Fashion Magazines Face Toughest Times Yet

So-called heritage brands are losing out to small, influential and disruptive competitors

Dazed and Confused. Courtesy Dazed and Confused

As Conde Nast looks set to announce consolidation of its publishing division following similar changes at Hearst Magazines last year, other, smaller players in the sector have better news. New York-based niche magazine, Paper, just celebrated its 32nd successful year in print. Meanwhile, in Munich, Germany, Platea, an independent art and fashion magazine, rejoiced its snowballing readership. The quarterly magazine targeted at young creatives has been in business for less than two years and already garnered a loyal audience within Europe. Likewise, The Gentlewoman, a magazine based in London aimed at  intellectual women with “style and purpose,” has been growing exponentially throughout a seven year run.

Vestoj, Dazed and Confused, Love, Kinfolk, V, Interview, and System are independent magazines, some names less familiar than others, enjoying growing success while their mainstream counterparts such as Instyle, Glamour and Cosmopolitan have shown a consistent drop in circulation. At a time when print is seemingly waning with many titles now transitioning to digital-only, the success of mainly fashion-based indie magazines seems puzzling. Yet, a quick look through any of them reveals one simple ingredient: contemporary voices and a deeper connection with the audience. The content and design appeals to those attracted by new, avant-garde inspiration and is unfettered by fashion advertising behemoths. This is not to say though, that fashion brands are not on board. Many are lining up for space in the most influential spots and the kudos of appearing alongside raw, emerging talent.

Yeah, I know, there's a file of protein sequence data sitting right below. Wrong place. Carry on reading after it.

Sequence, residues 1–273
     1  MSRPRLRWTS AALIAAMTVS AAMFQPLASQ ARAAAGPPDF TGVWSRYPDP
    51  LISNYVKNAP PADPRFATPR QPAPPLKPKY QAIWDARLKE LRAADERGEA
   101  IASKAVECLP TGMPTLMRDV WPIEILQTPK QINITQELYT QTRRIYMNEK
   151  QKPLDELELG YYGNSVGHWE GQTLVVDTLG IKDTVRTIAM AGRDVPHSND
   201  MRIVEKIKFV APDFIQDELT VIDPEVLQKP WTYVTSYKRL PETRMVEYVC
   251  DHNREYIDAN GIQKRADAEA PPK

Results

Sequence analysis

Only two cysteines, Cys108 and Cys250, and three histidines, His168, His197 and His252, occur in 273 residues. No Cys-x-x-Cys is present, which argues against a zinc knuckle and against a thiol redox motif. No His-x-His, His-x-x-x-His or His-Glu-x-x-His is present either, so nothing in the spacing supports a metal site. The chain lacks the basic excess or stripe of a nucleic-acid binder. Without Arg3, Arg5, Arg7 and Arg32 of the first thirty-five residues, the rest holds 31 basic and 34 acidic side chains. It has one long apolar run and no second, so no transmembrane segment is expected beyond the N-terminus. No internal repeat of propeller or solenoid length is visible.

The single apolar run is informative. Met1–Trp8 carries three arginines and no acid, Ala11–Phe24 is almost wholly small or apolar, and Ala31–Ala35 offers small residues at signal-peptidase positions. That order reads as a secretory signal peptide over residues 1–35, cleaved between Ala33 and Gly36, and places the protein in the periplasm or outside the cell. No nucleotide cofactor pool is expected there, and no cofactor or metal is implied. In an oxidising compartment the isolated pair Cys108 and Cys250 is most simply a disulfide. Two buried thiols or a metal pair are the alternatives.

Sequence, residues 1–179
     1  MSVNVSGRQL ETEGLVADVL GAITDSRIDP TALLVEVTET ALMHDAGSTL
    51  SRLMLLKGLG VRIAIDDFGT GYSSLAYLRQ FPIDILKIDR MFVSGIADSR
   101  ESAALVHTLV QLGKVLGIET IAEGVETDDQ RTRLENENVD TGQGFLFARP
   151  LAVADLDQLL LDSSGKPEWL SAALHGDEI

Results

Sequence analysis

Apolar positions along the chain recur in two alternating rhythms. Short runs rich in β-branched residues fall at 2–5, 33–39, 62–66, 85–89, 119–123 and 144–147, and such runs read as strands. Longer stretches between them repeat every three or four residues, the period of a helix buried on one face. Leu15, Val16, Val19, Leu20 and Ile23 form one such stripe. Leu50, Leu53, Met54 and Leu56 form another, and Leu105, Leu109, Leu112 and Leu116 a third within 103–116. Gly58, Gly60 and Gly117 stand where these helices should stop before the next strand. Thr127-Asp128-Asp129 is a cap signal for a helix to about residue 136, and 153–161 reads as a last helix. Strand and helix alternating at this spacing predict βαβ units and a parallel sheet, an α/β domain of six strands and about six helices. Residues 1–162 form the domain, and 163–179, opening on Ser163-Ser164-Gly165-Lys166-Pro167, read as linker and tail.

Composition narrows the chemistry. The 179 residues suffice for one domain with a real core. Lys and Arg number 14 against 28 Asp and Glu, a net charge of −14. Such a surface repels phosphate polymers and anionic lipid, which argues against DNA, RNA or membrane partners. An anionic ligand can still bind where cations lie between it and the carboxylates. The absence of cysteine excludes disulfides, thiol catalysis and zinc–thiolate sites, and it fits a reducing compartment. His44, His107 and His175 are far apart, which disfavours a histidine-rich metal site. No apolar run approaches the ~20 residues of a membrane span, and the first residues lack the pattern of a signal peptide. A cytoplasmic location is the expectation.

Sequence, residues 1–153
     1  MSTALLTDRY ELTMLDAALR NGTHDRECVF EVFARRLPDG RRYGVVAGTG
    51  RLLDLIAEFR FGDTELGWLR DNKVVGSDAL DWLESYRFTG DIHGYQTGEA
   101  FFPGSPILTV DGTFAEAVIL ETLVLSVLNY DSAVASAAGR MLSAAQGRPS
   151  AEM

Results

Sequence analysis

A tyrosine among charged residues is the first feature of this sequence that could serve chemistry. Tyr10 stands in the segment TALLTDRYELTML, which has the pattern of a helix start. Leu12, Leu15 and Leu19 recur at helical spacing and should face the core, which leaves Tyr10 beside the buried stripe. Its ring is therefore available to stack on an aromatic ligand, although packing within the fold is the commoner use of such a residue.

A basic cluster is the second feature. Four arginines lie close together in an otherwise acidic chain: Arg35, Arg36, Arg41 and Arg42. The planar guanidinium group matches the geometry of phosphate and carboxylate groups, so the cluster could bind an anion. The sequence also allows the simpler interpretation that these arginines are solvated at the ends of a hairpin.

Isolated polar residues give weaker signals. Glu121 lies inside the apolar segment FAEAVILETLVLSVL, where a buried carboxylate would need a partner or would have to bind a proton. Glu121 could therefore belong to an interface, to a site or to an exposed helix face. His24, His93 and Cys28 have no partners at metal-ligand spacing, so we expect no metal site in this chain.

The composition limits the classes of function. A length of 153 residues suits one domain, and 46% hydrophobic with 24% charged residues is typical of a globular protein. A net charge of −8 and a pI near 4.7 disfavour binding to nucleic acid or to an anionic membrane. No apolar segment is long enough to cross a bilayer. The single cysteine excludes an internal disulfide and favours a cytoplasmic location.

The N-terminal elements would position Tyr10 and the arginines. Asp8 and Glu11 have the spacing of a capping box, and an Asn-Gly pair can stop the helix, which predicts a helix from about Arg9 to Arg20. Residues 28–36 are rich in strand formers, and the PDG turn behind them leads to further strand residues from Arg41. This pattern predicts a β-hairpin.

“Niche and indie magazines are very in touch with their audience, they tend to be lean mean fighting machines, often run by a single person who can nimbly engage with their audience far more easily than a mainstream magazine that’s often weighed down by too many people involved in the decision making & production process,” James Hyman told observer.com. Hyman is founder of The Hyman Archive in London, “the world’s largest collection of magazines.”

Most independent titles consist of small teams, often dispersed across different parts of the world. Instead of self-aggrandizing and building personal brands, niche editors are motivated by a sense of purpose and enthusiasm for their publication’s cultural role. The key word here is ‘niche,’ something most commercial fashion magazines have lost sight of, with far too many similarities between them. “[Independent] magazines have smaller teams and lower overheads, and are published less often. Smaller teams mean more focused, controlled decision-making. The mainstream, on the other hand, has commoditized itself and become repetitive, and more concerned with business rather than being creatively focused,” explained Jeremy Leslie, creative director at MagCulture, one of the most respected magazine stores in London stocking over 350 different titles.

He added that most mainstream magazines are now at a point where they don’t have a voice of their own and have become clones in terms of both character and physical nature, “ [They’re] all the same size, same paper, same number of pages. Straight in the recycle bin.”